Just like physical illnesses, with the right kind of help, we can learn how to ‘manage our brains’ … for you-name-it brain chemistry problem.  Mental health is brain chemistry, which can be managed with our minds, using cognitive behavior therapy (CBT).  There is plenty of evidence that CBT actually changes our brain chemistry:

Toward smarter selection of therapy for psychiatric disorders

Does cognitive behavioral therapy change the brain? A systematic review of neuroimaging in anxiety disorders.

How psychotherapy changes the brain – the contribution of functional neuroimaging

(Below are scans of brains with Obsessive Compulsive Disorder, Depression, ADHD, as well as problems with Smoking, Alcohol, Obesity, & Cocaine.)  … 

OCD

“Current research into obsessive compulsive disorder focuses on a feedback loop involving three brain areas: the frontal lobe (prefrontal and frontal cortices), striatum and thalamus. The loop involves multiple circuits and signals that can stimulate or inhibit brain activity.”   See more about The OCD Loop: What may go wrong by Amy Ellis Nutt at the Washington Post.

 

How we change our brain - in minutes 4

 

How we change our brain - in minutes 3

In children with OCD, the brain’s arousal center, the anterior cingulate cortex, is ‘hijacked.’ This causes critical brain networks to stop working properly. Image adapted from Diwadkar VA, Burgess A, Hong E, Rix C, Arnold PD, Hanna GL, Rosenberg DR. Dysfunctional activation and brain network profiles in youth with Obsessive-Compulsive Disorder: A focus on the dorsal anterior cingulate during working memory. Frontiers in Human Neuroscience. 2015; 9: 1-11., CC BY-SA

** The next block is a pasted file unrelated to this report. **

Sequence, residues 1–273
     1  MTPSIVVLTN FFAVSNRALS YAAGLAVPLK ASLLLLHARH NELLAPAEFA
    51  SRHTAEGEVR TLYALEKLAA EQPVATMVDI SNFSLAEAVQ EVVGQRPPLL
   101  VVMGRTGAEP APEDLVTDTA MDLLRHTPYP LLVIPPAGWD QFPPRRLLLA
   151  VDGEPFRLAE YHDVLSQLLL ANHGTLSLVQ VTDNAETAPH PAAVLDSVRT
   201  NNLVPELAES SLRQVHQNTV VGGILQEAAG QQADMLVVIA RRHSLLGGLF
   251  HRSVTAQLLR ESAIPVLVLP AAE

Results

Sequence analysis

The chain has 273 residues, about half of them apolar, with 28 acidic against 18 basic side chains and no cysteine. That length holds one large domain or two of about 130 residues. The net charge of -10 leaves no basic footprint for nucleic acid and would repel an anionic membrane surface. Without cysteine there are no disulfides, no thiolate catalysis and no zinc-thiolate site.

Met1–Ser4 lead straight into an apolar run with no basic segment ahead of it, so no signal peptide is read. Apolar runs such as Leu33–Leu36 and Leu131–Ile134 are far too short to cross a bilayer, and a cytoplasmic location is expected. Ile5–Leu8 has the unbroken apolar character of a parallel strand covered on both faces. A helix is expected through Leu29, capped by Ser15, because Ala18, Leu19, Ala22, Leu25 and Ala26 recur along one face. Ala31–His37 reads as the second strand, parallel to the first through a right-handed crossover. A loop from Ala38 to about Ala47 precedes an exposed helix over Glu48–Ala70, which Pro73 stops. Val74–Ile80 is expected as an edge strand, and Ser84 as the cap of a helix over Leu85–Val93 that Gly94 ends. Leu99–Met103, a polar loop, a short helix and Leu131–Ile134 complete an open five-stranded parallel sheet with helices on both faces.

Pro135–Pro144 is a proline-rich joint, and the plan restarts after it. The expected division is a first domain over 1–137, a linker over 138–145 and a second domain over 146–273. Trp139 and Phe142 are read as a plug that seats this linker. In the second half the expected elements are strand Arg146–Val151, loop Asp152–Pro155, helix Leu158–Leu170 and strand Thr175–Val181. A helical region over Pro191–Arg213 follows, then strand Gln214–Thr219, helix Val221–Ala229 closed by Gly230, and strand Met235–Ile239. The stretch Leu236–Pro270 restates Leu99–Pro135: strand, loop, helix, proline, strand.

How we change our brain - in minutes 2

 

More about recent treatments for OCD

Depression

How we change our brain - in minutes 5

 

ADHD

How we change our brain - in minutes 6

 

Pain

How we change our brain - in minutes 7

 

Behavior

How we change our brain - in minutes 8

 

 

 

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CBT for Anxiety and DepressionCBT for Anxiety and Depression

Cognitive Behavior Therapy (CBT) is the most extensively studied (and most effective) type of therapy for anxiety and depression.  Watch this video, by one of the foremost leaders in CBT, explaining how CBT works for both conditions.

Dennis Greenberger, PhD, addresses the differences and similarities between symptoms of anxiety and depression, how the disorders are treated with CBT, and what patients can expect in treatment.

Summary

Dennis Greenberger, PhD, addresses the differences and similarities between symptoms of anxiety and depression, how the disorders are treated with CBT, and what patients can expect in treatment.

How CBT treats Anxiety and Depression

This webinar is an educational presentation, offered by the ADAA (Anxiety & Depression Association of America), of which I am a member. I recommend beginning at minute “4” and after minute “39” there’s an optional Q & A period.

 

More Resources